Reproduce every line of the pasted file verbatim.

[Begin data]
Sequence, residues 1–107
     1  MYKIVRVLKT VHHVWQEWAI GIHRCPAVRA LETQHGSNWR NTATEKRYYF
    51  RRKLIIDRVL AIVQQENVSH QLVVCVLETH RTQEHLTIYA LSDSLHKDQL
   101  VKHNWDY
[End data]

Sequence, residues 1–107
     1  MYKIVRVLKT VHHVWQEWAI GIHRCPAVRA LETQHGSNWR NTATEKRYYF
    51  RRKLIIDRVL AIVQQENVSH QLVVCVLETH RTQEHLTIYA LSDSLHKDQL
   101  VKHNWDY